How Zoox turned a failed Sequence C into the long run

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I often start calls to founders by asking why they are willing to make a living on an idea that is most likely to fail. It's a little hack that allows me to see how vulnerable a founder is and how much conviction they have behind their ideas. Sometimes when they answer it is the end of my story. And sometimes when they don't answer, I don't write the story.

As blunt as the question sounds, it can trigger the best answers – especially if the founder is working on an idea that is in and of itself a moon shot.

Our own Kirsten Korosec spoke to Zoox co-founder and CTO Jesse Levinson about his electric robotaxi, a six-year accomplishment unveiled this week that outperformed the competition. Levinson had an idea that not only likely failed, but nearly failed: Zoox & # 39; Series C fell apart in March due to the pandemic.

Korosec: What was your trick or how did you focus for six years on something that could be futuristic, expensive and possibly fail? What have you personally done to maintain that focus?

Levinson: Well, doing something like this is definitely a challenge and requires patience. I think the advice I would give is to first convince yourself that what you are doing makes sense and is important and valuable. If you're starting a business because your goal is to make as much money as possible and it turns out to be difficult, it will be really difficult to convince yourself, your team, and your investors to stick with the idea.

One of the great things about Zoox is that the idea itself just makes a lot of sense. After the first tenets, there is really a compelling reason to solve the problem the way we solved it, and the market opportunity is undoubtedly enormous. With these facts and a team of wonderful people and investors who believed in them, we were able to weather some of the ups and downs in the industry, even if it wasn't always easy.

It didn't hurt that Amazon saved Zoox after its failed Series C, considering that deep pockets and futuristic technology go well together. Even so, Zoox's ability to bring bugs into focus is impressive and part of what makes startups successful.

Before we jump to the rest of the newsletter, I wanted to officially introduce myself as your new Startups Weekly writer. Thank you in advance for reading along and trusting me to bring you startup-related news every week. This should be fun and the absolutely anticipated existential dose. Would you like it in your inbox every Saturday morning? Sign up here.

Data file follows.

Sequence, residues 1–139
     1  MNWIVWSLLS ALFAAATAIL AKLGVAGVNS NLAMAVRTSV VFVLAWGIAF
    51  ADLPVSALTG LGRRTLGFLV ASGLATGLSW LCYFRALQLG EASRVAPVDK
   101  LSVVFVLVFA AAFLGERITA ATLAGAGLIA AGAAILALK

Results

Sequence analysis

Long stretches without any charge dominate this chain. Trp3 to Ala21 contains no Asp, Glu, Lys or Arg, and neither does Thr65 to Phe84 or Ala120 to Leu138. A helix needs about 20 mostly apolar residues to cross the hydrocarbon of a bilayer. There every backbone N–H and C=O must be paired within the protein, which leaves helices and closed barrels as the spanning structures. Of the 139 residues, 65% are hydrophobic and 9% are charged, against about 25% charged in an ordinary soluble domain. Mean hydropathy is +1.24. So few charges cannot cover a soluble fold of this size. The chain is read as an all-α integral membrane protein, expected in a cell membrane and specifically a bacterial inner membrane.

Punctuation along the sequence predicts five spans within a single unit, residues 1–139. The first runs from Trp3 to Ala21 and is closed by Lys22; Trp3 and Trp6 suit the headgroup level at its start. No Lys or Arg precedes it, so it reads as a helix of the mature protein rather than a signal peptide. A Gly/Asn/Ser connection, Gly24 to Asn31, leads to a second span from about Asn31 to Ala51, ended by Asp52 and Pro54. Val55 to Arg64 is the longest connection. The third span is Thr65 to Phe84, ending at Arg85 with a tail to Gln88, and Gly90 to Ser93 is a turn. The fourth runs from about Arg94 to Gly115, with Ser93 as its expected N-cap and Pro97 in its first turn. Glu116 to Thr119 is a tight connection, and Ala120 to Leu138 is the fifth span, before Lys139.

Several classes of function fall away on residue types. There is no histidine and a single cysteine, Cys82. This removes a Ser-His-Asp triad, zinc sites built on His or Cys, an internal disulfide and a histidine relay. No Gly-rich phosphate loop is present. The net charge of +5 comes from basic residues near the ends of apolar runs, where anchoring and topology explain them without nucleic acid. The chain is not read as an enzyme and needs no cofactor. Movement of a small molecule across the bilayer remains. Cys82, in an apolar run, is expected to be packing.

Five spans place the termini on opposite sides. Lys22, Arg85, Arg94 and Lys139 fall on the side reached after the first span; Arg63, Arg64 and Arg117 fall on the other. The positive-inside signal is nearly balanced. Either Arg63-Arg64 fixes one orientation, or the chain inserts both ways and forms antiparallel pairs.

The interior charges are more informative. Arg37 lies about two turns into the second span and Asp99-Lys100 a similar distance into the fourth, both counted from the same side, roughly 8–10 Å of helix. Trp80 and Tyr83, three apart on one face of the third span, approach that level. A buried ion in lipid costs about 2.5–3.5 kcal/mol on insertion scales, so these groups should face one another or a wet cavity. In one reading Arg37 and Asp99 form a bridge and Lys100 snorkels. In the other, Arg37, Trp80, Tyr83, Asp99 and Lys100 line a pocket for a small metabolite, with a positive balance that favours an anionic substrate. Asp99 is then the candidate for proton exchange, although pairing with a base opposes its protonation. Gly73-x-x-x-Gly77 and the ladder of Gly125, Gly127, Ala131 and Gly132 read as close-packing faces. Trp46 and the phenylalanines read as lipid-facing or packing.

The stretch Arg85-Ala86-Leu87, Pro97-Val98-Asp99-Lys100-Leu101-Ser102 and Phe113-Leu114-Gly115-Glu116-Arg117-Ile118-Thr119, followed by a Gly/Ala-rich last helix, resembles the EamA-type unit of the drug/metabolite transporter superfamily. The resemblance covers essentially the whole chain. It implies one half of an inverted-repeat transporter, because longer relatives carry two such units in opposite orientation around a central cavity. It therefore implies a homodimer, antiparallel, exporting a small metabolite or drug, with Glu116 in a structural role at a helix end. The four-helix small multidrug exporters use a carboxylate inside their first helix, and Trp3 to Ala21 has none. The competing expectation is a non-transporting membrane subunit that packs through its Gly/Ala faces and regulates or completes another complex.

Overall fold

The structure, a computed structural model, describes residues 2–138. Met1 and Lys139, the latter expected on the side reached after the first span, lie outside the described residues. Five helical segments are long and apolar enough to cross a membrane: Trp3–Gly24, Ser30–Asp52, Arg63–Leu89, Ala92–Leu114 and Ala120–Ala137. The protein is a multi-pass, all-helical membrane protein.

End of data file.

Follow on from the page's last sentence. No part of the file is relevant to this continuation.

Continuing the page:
And from now on you are invited to send me tips and thoughts to [email protected] or to tweet me @Nmasc_. TechCrunch has also launched a secure and anonymous method of providing our employees with tips to throw information on.

The Palantir Diaspora

Everyone wants to invest in the next big tech mafia. With the number of successful IPOs in the marketplace, newly minted and cash-rich thinkers from legendary companies like Snowflake, Airbnb and Palantir are entering the startup landscape this year. Strip engineers, even before going public, seem like the hottest commodity on the market.

So investors are hoping to rely on up-and-coming talent – and you've had the top for some time. Ross Fubin of XYZ Ventures introduced Palantir's first job with his first engineer, whom he describes as "the most valuable thing he has ever done." After helping Palantir grow his senior talent (and pocket some advisory shares for himself), he invested his fund in the Palantir diaspora.

Connie Loizos, TechCrunch's Silicon Valley editor, has the story, including where XYZ looks for startups outside of the staff of the once-secret public company.

Loizos also introduced Lux ​​Capital's Deena Shakir, who sees space and border technology becoming mainstream right now. Anyone else feel a moonshot theme popping up in 2021?

Further reading:

Credit: Bryce Durbin

Why Singapore could become Asia's Silicon Valley

In this Extra Crunch story, Catherine Shu argues that Singapore could become Asia's next Silicon Valley. The long-standing global financial center is expected to add hundreds of new jobs over the next several years as ByteDance and Alibaba reportedly plan regional offices in the city-state. The interest comes from the fact that Google, Facebook and Twilio are already active in Singapore.

The main focus is on pressure on companies to find the best tech talent in Singapore of 5.6 million people.

Kuo-Yi Lim, co-founder and managing partner of early-stage investment firm Monk & # 39; s Hill Ventures, explained the talent dynamics:

"I think there will always be a need to include people who are not from Singapore because we are just not big enough," he said.

"The competition is more global as even local startups are always looking for global talent from the region, Australia, India, China or beyond," he added. “I think it actually fosters the instinct for startups to really thoughtfully compete for talent. I think startups have to get more creative and sharper when it comes to positioning themselves as an attractive employer to spend time with, unlike the big companies. "

Panorama of the business district of Singapore skyline at night

Panorama of the business district of Singapore skyline at night

Fast IPO update

After Roblox and Affirm pushed their initial public offerings because market conditions were too hot, the delay proved an opportunity for others. Bumble, UiPath, and Coinbase have signed up to go public in confidence, meaning the intent is now known, but there are no numbers to go over. Eventually, Poshmark submitted his S-1 and StockX picked up a round that Alex Wilhelm believes could be pre-IPO money.

Credit: bumblebee

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